The Montessori Method – Children Learn Best in Social Environments

The Montessori approach encourages socializing and learning with other students, providing ‘liberty within limits.’ How is this achieved? While children are free to explore and learn from a variety of activities, they are not permitted to run wild. Grace and courtesy are fostered in each student, and children are encouraged to respect each other. Students use “please” and “thank you” as they socialize with others.

In a Montessori environment, children are given many opportunities to work together, including:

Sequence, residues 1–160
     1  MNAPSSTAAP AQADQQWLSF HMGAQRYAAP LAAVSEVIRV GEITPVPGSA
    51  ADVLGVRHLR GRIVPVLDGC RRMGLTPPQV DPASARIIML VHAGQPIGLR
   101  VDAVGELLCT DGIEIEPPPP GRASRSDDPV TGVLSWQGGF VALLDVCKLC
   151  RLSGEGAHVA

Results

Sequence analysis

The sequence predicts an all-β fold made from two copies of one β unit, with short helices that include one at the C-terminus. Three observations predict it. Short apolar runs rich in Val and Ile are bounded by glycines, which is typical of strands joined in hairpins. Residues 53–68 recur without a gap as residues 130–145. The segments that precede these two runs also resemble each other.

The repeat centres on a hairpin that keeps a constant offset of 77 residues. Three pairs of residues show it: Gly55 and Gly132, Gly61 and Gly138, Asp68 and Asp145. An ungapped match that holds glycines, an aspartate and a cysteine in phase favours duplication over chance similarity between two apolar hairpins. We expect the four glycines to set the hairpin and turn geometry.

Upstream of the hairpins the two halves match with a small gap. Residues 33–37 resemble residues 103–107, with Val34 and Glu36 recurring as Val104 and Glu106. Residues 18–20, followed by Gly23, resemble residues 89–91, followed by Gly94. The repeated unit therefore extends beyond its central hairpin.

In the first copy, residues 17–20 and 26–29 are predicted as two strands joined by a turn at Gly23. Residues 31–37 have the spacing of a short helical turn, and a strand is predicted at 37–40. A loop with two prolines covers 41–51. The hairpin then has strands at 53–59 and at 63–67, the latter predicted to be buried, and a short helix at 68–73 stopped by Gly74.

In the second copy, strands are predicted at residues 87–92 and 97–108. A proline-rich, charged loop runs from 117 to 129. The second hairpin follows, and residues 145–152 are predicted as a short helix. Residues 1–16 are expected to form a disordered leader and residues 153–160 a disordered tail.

• Small groups at the learning stations throughout the classroom.
  • Gathered together in a large group for circle time – during this activity, children share stories about their own lives and learn how to listen to both the other students and the teacher with respect and consideration.
  • Other large group activities including singing, dancing, and playing games together.

The Montessori philosophy is that a social environment filled with developmentally appropriate materials open to exploration offers the best environment to encourage each child’s unique development.

More in this series:

12 Ways Montessori Schools Are Different From Traditional Schools